It’s the mohawk. I can’t help but notice that the curl-ruffled fishfin mohawk that crests my head has coincided conspicuously with an uptake in catcalls. I guess it’s true that in my orange-striped socks, which bridge the ankle between my joggers and trail running shoes, and a jewel-toned pullover, I look like a tropical fish; I blaze against Flagstaff’s grey sidewalk and grey sky and grey-streaked snow. Maybe that’s why they feel compelled to displace me,—these men who drive the roads that I walk and lean out their windows flush-faced—maybe that’s why they want to place me in a tank. Their call, “Hey! Babygirl!” pulses, water-waved like pudgy fingers tapping the glass.
Like a tap on the glass, this call is meant to influence the movement of a fish.
Fish-like, I’m a colorful spectacle-oddity,—female-bodied in a binder with a mohawk, and I am not meant to be outside. So these men, they yowl that reminder. I am not meant to be out in public; I am not meant to be publicly out. The catcall works to enforce gender roles on the street. That’s my theory, at least.
Street harassment is a lot more about creating and maintaining a power dynamic than it is about “giving a compliment.” It establishes who belongs in a certain space, and who is there to be observed. The called instead of the caller. Street harassment makes women feel unsafe and under scrutiny in public spaces that are dominated by men, and I was surprised by how my experience of it has changed as I’ve started presenting in more masculine ways: Men have actually started to catcall me more. Probably because the need to put me in my place feels more urgent---not meant to be out in public, not meant to be publicly out---though likely they aren’t consciously thinking this through.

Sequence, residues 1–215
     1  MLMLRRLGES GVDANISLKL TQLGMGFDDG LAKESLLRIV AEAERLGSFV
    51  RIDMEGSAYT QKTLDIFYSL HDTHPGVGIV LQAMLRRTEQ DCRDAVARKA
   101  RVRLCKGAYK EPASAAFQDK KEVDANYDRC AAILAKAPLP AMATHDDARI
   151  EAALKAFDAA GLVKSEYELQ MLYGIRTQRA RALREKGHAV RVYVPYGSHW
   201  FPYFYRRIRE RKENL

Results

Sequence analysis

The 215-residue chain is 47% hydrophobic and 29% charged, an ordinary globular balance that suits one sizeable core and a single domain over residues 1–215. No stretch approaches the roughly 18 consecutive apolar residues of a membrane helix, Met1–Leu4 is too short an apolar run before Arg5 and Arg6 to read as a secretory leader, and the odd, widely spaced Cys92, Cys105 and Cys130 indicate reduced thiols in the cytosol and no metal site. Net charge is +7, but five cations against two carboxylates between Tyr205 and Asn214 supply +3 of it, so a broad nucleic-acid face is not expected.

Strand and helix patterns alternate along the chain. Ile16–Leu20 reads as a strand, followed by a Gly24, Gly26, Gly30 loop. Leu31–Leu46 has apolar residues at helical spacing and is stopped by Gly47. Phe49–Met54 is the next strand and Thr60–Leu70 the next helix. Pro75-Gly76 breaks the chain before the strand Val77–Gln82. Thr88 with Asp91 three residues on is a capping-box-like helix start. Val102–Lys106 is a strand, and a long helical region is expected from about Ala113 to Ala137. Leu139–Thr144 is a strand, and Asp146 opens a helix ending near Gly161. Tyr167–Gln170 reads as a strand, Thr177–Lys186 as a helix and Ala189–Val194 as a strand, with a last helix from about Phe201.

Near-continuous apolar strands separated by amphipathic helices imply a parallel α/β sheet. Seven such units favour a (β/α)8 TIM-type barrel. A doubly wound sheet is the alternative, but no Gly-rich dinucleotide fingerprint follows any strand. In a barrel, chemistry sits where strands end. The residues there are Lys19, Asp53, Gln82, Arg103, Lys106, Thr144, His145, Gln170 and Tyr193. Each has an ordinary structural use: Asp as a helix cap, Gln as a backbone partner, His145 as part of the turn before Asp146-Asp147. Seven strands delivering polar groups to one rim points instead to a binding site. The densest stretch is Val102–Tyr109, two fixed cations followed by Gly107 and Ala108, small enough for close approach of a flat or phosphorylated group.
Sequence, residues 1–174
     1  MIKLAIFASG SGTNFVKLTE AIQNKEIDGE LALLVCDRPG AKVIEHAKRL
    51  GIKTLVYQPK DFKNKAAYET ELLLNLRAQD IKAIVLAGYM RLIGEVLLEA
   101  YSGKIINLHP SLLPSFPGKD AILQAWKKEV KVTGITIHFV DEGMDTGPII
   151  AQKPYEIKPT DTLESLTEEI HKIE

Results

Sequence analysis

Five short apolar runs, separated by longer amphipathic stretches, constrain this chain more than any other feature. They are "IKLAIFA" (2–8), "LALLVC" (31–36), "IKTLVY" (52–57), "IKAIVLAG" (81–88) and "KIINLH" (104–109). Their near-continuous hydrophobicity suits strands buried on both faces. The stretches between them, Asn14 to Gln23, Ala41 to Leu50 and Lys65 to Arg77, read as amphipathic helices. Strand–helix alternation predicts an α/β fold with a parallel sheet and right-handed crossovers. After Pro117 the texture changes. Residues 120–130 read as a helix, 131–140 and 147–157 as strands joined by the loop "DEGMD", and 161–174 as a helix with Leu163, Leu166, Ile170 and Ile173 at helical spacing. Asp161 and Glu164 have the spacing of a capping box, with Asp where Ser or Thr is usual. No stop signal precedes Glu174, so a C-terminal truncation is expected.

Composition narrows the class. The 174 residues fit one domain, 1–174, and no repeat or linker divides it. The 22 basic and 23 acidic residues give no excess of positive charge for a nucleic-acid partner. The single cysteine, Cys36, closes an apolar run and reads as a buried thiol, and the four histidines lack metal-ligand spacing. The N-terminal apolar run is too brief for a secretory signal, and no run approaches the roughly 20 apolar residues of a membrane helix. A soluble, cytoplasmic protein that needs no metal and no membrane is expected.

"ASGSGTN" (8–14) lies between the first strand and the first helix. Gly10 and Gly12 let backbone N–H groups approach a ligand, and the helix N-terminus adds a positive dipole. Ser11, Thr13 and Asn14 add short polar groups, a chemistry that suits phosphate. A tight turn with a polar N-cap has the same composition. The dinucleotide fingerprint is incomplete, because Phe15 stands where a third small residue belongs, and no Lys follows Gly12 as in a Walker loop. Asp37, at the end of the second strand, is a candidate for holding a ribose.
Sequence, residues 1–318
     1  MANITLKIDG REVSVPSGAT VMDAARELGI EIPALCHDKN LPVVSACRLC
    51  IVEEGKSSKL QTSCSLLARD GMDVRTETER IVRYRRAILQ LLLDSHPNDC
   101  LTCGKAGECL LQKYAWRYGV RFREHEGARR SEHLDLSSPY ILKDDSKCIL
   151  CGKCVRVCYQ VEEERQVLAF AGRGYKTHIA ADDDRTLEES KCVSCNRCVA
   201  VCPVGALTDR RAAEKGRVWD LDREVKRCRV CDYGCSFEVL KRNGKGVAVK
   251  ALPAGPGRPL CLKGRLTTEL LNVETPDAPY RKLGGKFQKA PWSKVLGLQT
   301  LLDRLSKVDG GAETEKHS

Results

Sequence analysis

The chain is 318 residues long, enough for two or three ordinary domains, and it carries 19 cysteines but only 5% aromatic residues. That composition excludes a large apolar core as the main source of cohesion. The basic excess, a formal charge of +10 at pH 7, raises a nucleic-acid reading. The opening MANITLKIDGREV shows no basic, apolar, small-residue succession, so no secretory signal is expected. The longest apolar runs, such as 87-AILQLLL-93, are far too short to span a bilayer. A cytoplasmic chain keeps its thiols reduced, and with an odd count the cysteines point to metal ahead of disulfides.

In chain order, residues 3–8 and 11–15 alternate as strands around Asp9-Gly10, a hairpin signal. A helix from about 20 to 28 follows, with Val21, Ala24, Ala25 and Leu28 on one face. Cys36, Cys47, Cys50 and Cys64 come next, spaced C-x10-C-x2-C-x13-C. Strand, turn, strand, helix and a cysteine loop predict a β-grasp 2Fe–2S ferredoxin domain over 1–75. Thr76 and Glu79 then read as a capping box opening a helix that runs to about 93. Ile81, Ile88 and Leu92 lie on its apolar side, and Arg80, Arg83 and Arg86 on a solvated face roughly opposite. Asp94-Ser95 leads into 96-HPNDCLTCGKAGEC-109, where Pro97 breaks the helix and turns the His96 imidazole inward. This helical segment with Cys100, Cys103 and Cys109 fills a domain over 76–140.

When catcalling is a form of gender policing, my haircut (and the way I dress/walk/move) is a crime chased down by the sirens of wolf-whistles and double honks. That’s the anthropological-theorist theory, at least.
Alternatively, I’m hot and they’re gay.